I tend to organize and plan things. I’m not as organized as some people, but I spent years organizing homeschool field trips, classes, school schedules, etc. So, when Jason died, my instinct was to take the steps necessary to do what needed to be done. Honestly, I don’t know how I did it.

I went home and started calling people. Who else was going to call them? I had called Eric from the accident site, making sure he had someone else who drive him to our house. I called my sister. I called my mom. I called some of Jason’s friends. I called church people I thought of as extended family. I answered the phone when one of Jason’s tutoring students called and had to tell him Jason had died. I hugged and comforted people who came by the house. I ran to tightly hug Joe or Jenna when they collapsed and sobbed uncontrollably. They did the same for me. The rest of that day was mostly a blur. I was a mess. I had such horrible headache from crying. The next day, though, there were things we needed to do.

It’s strange. Think about planning an event – a party or wedding – and how much time and effort goes into such an event. Weeks, months of planning. Bereaved parents have only a few days to plan their child’s funeral or memorial service.

There is so much to do and so many decisions to make after a child dies. Choosing a place to bury your child. Choosing a casket. Choosing a headstone and what to put on it. Flowers. Visitation or no visititation. Open or closed casket. Funeral or memorial service. Private family graveside service, or open attendance memorial or funeral. Location, date, time of service. Officiant. Music to be played before and during the service. Asking people to participate in speaking or playing an instrument or singing. Choosing photographs for the video montage and music to accompany it. Picking out photographs or memorabilia to display at the service. Picking out what your child should wear. Picking out what you will wear. Trying to figure out where out of town guests would stay and who would get them from the airport. Talking to the officiant to plan the order of service. Deciding which newspapers to put notices in and what to say in the notices. On and on it goes. It’s overwhelming. We had a private graveside service and a open attendance memorial, so we had to plan two events. We made all of these decisions in a matter of a day or two. We had help with some things, but most of the plans and decisions were only ours to make. It’s just crazy for me to think about, even now.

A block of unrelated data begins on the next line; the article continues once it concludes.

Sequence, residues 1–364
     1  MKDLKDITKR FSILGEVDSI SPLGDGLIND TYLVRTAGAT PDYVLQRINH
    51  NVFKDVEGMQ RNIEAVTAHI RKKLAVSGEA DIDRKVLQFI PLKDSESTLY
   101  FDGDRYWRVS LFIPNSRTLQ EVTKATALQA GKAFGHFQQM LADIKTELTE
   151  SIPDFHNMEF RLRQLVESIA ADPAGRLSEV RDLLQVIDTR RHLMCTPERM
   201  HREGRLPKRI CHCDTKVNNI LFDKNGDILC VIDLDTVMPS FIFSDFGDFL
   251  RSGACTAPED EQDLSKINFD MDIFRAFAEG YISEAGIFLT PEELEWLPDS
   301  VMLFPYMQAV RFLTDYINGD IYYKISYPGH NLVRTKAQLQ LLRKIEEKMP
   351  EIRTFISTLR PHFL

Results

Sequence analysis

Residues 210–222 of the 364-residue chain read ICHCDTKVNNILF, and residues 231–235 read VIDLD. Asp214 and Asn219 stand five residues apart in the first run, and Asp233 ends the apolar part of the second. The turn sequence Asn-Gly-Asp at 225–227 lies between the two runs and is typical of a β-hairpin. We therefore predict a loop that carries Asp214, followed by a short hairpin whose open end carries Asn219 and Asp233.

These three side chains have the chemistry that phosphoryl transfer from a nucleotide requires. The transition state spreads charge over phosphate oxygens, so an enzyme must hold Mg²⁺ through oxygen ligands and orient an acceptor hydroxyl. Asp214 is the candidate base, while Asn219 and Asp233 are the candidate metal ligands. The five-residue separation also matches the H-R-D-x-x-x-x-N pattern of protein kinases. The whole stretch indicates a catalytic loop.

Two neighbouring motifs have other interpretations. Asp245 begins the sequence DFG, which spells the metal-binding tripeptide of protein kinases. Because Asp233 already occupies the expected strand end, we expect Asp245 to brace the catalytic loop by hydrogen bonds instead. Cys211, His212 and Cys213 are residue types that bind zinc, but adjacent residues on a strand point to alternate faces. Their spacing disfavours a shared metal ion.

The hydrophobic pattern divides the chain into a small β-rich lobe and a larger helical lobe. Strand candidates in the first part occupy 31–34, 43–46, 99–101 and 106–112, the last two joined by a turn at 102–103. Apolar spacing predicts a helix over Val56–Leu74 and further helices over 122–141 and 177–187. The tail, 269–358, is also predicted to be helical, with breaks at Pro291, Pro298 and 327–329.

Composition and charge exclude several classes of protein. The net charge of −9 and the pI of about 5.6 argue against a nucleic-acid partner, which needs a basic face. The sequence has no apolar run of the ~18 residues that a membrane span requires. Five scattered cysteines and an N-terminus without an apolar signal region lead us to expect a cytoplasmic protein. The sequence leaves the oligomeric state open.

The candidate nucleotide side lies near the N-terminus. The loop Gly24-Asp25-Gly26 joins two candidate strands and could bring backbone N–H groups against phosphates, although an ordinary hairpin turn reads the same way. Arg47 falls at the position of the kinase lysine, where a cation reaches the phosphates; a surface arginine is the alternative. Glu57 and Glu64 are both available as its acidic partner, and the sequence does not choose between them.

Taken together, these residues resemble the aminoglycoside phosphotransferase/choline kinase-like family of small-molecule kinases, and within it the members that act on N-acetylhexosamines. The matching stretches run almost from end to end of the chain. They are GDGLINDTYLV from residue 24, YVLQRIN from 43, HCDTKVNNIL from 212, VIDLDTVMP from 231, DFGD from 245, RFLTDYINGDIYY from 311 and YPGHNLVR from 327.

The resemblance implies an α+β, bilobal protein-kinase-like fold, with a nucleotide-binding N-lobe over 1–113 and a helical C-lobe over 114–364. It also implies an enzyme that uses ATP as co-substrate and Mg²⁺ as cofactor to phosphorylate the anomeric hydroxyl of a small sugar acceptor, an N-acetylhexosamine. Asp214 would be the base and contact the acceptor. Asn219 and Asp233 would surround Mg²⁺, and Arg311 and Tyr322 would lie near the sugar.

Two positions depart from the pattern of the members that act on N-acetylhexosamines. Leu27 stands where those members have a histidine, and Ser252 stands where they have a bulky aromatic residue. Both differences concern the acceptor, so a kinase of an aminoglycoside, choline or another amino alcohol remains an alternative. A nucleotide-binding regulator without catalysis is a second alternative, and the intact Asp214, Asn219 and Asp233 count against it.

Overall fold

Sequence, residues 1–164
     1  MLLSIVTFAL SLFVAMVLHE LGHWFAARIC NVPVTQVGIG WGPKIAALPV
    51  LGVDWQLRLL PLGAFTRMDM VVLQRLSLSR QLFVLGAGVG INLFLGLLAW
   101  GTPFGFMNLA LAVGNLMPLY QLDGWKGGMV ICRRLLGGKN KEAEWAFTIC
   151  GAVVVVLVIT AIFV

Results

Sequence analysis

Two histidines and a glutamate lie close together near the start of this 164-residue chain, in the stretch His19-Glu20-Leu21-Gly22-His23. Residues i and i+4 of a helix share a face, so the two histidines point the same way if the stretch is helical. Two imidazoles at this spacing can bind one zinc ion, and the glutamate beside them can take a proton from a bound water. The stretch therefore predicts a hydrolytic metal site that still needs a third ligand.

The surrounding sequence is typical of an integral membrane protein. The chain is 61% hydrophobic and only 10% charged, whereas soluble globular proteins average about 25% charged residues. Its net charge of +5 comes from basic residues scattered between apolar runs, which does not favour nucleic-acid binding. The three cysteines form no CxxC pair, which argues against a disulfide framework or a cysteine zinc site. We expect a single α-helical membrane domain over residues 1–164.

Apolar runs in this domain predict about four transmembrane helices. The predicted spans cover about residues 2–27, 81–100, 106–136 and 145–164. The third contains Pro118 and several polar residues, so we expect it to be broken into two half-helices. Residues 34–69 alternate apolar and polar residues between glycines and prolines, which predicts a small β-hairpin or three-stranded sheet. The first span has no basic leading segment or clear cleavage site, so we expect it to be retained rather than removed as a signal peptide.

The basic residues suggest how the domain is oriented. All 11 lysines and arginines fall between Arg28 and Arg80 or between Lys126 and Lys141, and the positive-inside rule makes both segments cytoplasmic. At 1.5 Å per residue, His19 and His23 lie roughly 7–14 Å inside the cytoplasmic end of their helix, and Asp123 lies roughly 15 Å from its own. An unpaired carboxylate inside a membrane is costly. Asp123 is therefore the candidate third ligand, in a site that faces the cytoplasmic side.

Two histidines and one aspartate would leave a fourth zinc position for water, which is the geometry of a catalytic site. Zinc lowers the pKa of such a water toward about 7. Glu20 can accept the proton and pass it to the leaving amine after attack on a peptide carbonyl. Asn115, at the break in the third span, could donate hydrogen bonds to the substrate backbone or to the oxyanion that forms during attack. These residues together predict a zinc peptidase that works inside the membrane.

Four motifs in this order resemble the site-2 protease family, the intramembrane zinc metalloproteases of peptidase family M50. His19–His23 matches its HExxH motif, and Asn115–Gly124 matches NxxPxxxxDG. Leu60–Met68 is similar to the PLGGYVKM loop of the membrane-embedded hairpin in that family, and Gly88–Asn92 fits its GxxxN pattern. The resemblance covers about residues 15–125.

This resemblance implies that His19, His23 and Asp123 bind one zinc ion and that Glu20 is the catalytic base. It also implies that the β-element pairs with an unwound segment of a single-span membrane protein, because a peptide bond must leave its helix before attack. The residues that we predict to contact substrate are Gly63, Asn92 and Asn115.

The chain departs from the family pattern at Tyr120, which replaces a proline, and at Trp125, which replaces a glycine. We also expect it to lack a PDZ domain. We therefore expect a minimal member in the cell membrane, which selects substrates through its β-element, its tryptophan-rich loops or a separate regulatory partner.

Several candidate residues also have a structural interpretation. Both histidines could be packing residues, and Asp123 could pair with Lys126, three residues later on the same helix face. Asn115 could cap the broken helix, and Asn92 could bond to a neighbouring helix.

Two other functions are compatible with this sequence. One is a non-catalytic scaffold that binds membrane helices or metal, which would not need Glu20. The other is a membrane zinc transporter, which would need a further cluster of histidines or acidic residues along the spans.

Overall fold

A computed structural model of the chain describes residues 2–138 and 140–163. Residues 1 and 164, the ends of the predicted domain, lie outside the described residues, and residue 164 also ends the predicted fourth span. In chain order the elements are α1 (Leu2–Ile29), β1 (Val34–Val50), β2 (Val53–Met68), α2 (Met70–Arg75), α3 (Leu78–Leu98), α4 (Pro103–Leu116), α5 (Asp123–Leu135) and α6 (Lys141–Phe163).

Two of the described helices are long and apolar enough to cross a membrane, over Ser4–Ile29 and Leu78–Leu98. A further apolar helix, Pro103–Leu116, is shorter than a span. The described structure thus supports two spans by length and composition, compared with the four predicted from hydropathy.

While we were doing all of this, Alina’s parents were doing the same thing. After we made all of our plans, we found out (without any prior knowledge for any of us) that we had chosen the exact same casket as Alina’s family and a burial plot one space away from where Alina would be buried. The odd thing to me – and it has always seemed so odd – is that a person named Henderson is buried between them, and Jesse Henderson (don’t know if any relation) is the person who killed Jason and Alina.

Were we strong or were we just acting on instinct? Perhaps some of each.

I recently read a post on Mother’s Day that talked about how brave mothers are who have lost a child. I’ve never thought of myself as strong or brave. I see myself as broken. I shattered when Jason died, and I feel like I still have so many pieces missing. I’m still such a mess sometimes. I struggle and have lots of scars from Jason’s death and all that happened afterward.  But that post started me thinking of the paths bereaved parents journey after their child dies and some of the situations we encounter that are unique to our journey, and I just have to say that I have changed my mind. Bereaved parents: We ARE brave. We ARE strong. We ARE courageous.

We bury our children and keep on going. We try to find a reason to keep on living. We go back to school. We go back to work. We have to learn how to help others deal with our loss when we don’t even know how to help ourselves. We comfort others when we are are the ones in desperate need of comfort and understanding. We educate ourselves on the process of grieving. At times, we have to put on a mask to hide our grief or find ways to make our grief palatable to those around us. We deal with friends who disappear, either initially or after a while when we don’t “recover” quickly enough for their comfort. We endure people telling us what to do and how we should grieve when they have no idea what they’re talking about. We deal with the hurt when people pretend they don’t see us and choose a getaway down another grocery aisle. We forgive those who hurt us even when no one has asked forgiveness. We have to figure out how to find a new normal. We keep working on rebuilding our lives. We take care of our remaining families.

We deal with people judging us for how we grieve. We deal with people telling us we should “move on” or giving us a time limit of when “we should be over it.” We make allowances for inconsiderate people who don’t understand what it’s like to lose a child. We rejoice at the weddings or graduations of others, knowing our children will never have the same opportunities. We find ways to honor the memory of our children. We make new traditions for holidays while embracing memories of ones gone by. We write and speak and try to educate people on how to help others whose children have died. We live our lives, day in and day out, with broken hearts and a burden of grief we hope no one else will ever have to carry. We cry until we can’t cry any more, and then dry our tears to start a new day. We have walked such difficult paths when it seems others have walked easier ones. We may not do it perfectly, but we keep on going. We deal with so many hard things, but keep on trying. We get knocked down and get back up. We live. We love.

I would just like to say bravo to all of you bereaved parents out there. Most people don’t have to do what we have had to do. Keep trying. Keep walking. Keep writing. Keep speaking about your children and your love for them.

Hugs to each of you,

Becky

© 2016 Rebecca R. Carney

Mother’s Day

This is a really good article about Mother’s Day following the death of a child. It addresses ways for parents whose child has died to cope and find meaning, as well as encouraging suggestions for those who would like to comfort someone whose child has died. I hope you will take time to read it.

When Mother’s Day Hurts

© 2016 Rebecca R. Carney

Happy Birthday to Me